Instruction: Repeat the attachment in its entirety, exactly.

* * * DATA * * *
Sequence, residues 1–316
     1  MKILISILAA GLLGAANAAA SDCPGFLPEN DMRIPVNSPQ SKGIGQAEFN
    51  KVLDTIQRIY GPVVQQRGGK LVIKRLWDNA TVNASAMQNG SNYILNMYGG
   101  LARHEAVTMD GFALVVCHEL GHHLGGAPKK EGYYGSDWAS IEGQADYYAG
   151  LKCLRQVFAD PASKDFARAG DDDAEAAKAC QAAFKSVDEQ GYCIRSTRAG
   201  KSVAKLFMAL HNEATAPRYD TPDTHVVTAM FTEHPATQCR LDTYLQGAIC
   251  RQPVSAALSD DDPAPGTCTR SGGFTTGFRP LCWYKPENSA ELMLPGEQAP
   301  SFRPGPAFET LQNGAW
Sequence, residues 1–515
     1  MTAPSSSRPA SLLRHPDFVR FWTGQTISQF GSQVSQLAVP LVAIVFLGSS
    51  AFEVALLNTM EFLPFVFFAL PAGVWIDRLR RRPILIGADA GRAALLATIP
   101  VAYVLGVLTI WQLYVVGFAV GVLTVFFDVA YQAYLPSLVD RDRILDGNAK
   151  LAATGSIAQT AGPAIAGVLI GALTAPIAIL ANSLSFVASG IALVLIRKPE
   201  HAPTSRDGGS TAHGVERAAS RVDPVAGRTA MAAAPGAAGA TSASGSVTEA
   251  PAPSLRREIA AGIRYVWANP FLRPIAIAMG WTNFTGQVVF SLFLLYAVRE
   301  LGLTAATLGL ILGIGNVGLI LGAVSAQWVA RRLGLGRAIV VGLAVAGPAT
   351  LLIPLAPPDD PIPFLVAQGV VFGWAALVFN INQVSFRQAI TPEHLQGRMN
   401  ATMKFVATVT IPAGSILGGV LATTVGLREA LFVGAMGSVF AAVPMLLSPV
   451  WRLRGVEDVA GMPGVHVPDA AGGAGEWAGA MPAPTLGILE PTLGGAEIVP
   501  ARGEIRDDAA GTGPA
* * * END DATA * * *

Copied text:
Sequence, residues 1–316
     1  MKILISILAA GLLGAANAAA SDCPGFLPEN DMRIPVNSPQ SKGIGQAEFN
    51  KVLDTIQRIY GPVVQQRGGK LVIKRLWDNA TVNASAMQNG SNYILNMYGG
   101  LARHEAVTMD GFALVVCHEL GHHLGGAPKK EGYYGSDWAS IEGQADYYAG
   151  LKCLRQVFAD PASKDFARAG DDDAEAAKAC QAAFKSVDEQ GYCIRSTRAG
   201  KSVAKLFMAL HNEATAPRYD TPDTHVVTAM FTEHPATQCR LDTYLQGAIC
   251  RQPVSAALSD DDPAPGTCTR SGGFTTGFRP LCWYKPENSA ELMLPGEQAP
   301  SFRPGPAFET LQNGAW
Sequence, residues 1–515
     1  MTAPSSSRPA SLLRHPDFVR FWTGQTISQF GSQVSQLAVP LVAIVFLGSS
    51  AFEVALLNTM EFLPFVFFAL PAGVWIDRLR RRPILIGADA GRAALLATIP
   101  VAYVLGVLTI WQLYVVGFAV GVLTVFFDVA YQAYLPSLVD RDRILDGNAK
   151  LAATGSIAQT AGPAIAGVLI GALTAPIAIL ANSLSFVASG IALVLIRKPE
   201  HAPTSRDGGS TAHGVERAAS RVDPVAGRTA MAAAPGAAGA TSASGSVTEA
   251  PAPSLRREIA AGIRYVWANP FLRPIAIAMG WTNFTGQVVF SLFLLYAVRE
   301  LGLTAATLGL ILGIGNVGLI LGAVSAQWVA RRLGLGRAIV VGLAVAGPAT
   351  LLIPLAPPDD PIPFLVAQGV VFGWAALVFN INQVSFRQAI TPEHLQGRMN
   401  ATMKFVATVT IPAGSILGGV LATTVGLREA LFVGAMGSVF AAVPMLLSPV
   451  WRLRGVEDVA GMPGVHVPDA AGGAGEWAGA MPAPTLGILE PTLGGAEIVP
   501  ARGEIRDDAA GTGPA